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I'm looking to automatically renew my SSL certificates for a website I'm hosting on GitLab pages using certbot auto. I already have this working, but I have to keep my Lightsail instance running continuously.

I'm just looking for an automatic way to boot up my Lightsail instance every 3 months, and once booted run a little script, and then power down again. At the moment it's costing me $5 month, and I'm only using it for a few minutes each time.

Is there a way to automatically schedule the bootup of a Lightsail instance every 3 months?

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Suggested approach: A scheduled Lambda function that fires every 3 months and performs 4 steps.

  1. Start up your instance
  2. Use the EC2 RunCommand API to remotely execute a command on your lightsail instance
  3. Monitor the command until complete
  4. Shut down the instance

Some prerequisites:

  • Create a Lambda function and grant it permissions with an IAM role to use ssm:*, ec2:startinstances and ec2:stopinstances (This will allow your lambda function to communicate to your lightsail instance and also monitor and send commands.
  • Make the lambda function a scheduled function, so you can trigger it every 3 months automaticalle
  • Have SSMAgent installed on your instance like this
  • Give your instance the appropriate IAM permissions for SSM communications through an instance policy (This will allow the instance to communicate with AWS SSM)

    "ec2messages:*","ssm:updateinstanceinformation","ssm:listassociations"

Now write your lambda function using the AWS SDK and it'll work like a charm. If you're worried about costs, unless you run one mother of a script, you should fall within the free tier as you get 400 GB-seconds of compute time per month.

This means you can run a lambda function with 1GB of memory for 400 seconds every month for free.

PS: I mentioned EC2 alot, I'm aware you're using lightsail but as it's just a wrapper for EC2 I imagine the same functionality is available, correct me if I'm wrong.

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  • Thanks so much, and a nice amount of detail to help me figure this out. – khriskooper Dec 8 '17 at 16:09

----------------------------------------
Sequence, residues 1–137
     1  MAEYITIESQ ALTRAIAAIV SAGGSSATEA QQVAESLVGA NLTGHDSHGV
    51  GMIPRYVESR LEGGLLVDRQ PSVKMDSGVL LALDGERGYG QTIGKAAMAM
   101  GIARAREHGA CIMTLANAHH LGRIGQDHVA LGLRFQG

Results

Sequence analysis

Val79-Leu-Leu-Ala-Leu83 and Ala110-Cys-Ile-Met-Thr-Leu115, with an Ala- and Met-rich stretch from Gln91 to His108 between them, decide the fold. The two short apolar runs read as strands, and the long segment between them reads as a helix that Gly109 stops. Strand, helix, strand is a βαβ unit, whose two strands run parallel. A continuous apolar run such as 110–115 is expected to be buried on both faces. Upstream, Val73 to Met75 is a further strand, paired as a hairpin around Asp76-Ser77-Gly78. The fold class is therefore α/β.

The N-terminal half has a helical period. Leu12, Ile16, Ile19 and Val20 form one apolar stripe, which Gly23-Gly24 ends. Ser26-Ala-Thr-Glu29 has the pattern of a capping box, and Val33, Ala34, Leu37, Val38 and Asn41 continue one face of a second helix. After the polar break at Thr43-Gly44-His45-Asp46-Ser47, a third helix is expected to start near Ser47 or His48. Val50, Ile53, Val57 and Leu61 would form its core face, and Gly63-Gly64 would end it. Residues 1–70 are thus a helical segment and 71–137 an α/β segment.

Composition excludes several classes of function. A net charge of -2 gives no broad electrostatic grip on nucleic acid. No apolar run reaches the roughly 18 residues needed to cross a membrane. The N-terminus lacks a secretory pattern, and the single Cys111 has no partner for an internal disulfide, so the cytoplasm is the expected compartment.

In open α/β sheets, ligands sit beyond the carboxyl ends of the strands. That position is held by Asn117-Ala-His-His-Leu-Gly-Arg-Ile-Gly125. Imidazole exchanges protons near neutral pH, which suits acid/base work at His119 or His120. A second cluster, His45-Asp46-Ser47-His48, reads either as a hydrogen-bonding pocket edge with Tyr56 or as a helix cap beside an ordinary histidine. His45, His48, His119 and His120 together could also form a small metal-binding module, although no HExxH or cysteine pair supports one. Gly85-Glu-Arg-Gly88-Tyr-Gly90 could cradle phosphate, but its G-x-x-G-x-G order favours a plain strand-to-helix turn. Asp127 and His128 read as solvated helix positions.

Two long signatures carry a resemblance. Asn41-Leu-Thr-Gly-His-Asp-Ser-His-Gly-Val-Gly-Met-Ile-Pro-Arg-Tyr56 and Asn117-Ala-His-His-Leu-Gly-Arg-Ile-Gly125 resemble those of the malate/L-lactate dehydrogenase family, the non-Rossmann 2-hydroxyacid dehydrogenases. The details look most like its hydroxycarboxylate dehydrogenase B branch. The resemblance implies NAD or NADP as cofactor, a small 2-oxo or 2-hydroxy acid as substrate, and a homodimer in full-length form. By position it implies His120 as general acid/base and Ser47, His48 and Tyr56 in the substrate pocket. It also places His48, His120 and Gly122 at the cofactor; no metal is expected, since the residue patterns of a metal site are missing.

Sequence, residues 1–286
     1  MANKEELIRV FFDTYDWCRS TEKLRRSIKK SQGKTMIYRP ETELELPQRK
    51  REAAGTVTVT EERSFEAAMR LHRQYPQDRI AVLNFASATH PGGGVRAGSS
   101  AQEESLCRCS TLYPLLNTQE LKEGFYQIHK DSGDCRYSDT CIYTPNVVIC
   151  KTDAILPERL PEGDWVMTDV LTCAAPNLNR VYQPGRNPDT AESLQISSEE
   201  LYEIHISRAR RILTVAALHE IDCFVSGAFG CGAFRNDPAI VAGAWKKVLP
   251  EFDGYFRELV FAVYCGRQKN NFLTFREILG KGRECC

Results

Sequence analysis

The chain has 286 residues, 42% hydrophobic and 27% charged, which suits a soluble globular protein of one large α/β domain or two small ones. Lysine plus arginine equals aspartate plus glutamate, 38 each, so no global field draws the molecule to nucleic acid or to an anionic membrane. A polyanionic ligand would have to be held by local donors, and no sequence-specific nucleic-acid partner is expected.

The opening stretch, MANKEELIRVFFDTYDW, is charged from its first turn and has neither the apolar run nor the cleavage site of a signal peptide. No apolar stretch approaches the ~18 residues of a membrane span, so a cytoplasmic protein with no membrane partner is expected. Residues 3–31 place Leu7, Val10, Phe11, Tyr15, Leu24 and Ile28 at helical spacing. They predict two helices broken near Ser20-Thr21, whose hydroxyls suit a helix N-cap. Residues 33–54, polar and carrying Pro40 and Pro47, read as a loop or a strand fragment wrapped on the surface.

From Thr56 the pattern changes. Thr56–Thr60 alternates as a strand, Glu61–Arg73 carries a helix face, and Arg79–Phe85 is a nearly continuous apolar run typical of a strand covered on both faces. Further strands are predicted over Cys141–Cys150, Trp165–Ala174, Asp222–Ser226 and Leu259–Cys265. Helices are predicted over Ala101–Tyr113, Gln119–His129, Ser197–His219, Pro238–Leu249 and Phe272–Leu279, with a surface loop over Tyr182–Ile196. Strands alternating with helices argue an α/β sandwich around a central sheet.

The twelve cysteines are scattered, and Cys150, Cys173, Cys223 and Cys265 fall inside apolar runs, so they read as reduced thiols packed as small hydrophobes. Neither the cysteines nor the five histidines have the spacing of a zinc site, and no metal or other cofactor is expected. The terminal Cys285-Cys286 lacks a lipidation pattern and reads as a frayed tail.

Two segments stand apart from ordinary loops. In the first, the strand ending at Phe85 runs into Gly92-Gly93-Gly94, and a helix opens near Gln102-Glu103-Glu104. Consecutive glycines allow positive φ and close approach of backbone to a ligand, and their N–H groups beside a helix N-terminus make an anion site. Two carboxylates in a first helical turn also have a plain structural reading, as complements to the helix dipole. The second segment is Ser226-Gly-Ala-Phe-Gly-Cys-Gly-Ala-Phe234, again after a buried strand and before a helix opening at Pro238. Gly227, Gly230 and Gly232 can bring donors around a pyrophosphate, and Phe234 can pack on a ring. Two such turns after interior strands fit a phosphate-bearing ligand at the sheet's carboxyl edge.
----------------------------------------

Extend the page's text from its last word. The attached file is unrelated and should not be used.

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    If it takes longer than 5 minutes for the Lightsail instance to start and perform whatever operation it needs to, then this will be really difficult to pull off with your suggested approach. The better approach would be as helloV suggested, to have the Lambda function simply start the instance, then have the instance run the task automatically on boot, and shut itself down once the task is complete. – Mark B Dec 8 '17 at 16:21
  • I also agree with @helloV here that using AWS DataPipeline would be a smoother experience to set up. It would force you from lightsail to ec2 but since the cost for running it for just an hour is next to nothing ($0.0116/hour in us-east-1) it's an equally viable option. – Tom Nijs Dec 8 '17 at 16:29
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There are two options I can think of. There may be more.

AWS Data Pipeline: Schedule a shell activity every 3 months and choose a micro instance. Specify the AWS CLI commands to start your instance and have your instance send stop instance command once it is done with its work. Cost: 1 hour of micro instance.

AWS Lambda(Preferred): Schedule a Lambda event to start your instance every 3 months. Specify the AWS CLI commands to start your instance and have your instance send stop instance command once it is done with its work. Cost: Nothing (likely to be within free limits)

aws lightsail start-instance

Starts a specific Amazon Lightsail instance from a stopped state. To restart an instance, use the reboot instance operation.

In my opinion, installing an agent on your instance is an overkill just to send a command.

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  • Thanks for the suggestions, very helpful. – khriskooper Dec 8 '17 at 16:09
  • @helloV JFYI - the SSM agent is pre-packaged with most of AWS's AMI's. It is very likely OP's lightsail instance will use AWS Linux as their AMI. – Tom Nijs Nov 28 '19 at 11:26
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To do so, we will need to take help from different AWS Services, we will need to make a Lambda function and write a custom code for starting and stopping the LightSail Instance and then use CloudWatch Events to schedule the Instance for the time period you want.

Below is a sample code you can use to schedule the stop and start of the Instance:

Code to Start the LightSail server:

import json
import boto3
def lambda_handler(event, context):
    client = boto3.client('lightsail', region_name='REGION')
    response = client.start_instance(
    instanceName='NAME-OF-YOUR-LIGHTSAIL-SERVER'
)
    return {
        'statusCode': 200,
        'body': json.dumps('Hello from Lambda!')
    }

Code to Stop the LightSail server:

import json
import boto3
def lambda_handler(event, context):
    client = boto3.client('lightsail', region_name='REGION')
    response = client.stop_instance(
    instanceName='NAME-OF-YOUR-LIGHTSAIL-SERVER'
)
    return {
        'statusCode': 200,
        'body': json.dumps('Hello from Lambda!')
    }

NOTE**: Make sure to edit REGION and NAME-OF-YOUR-LIGHTSAIL-SERVER

You can create two different lambda functions, using above code.

Once you do so, you can use CloudWatch Events Rule that triggers the Lambda function.

Please refer: https://docs.aws.amazon.com/AmazonCloudWatch/latest/events/Create-CloudWatch-Events-Rule.html

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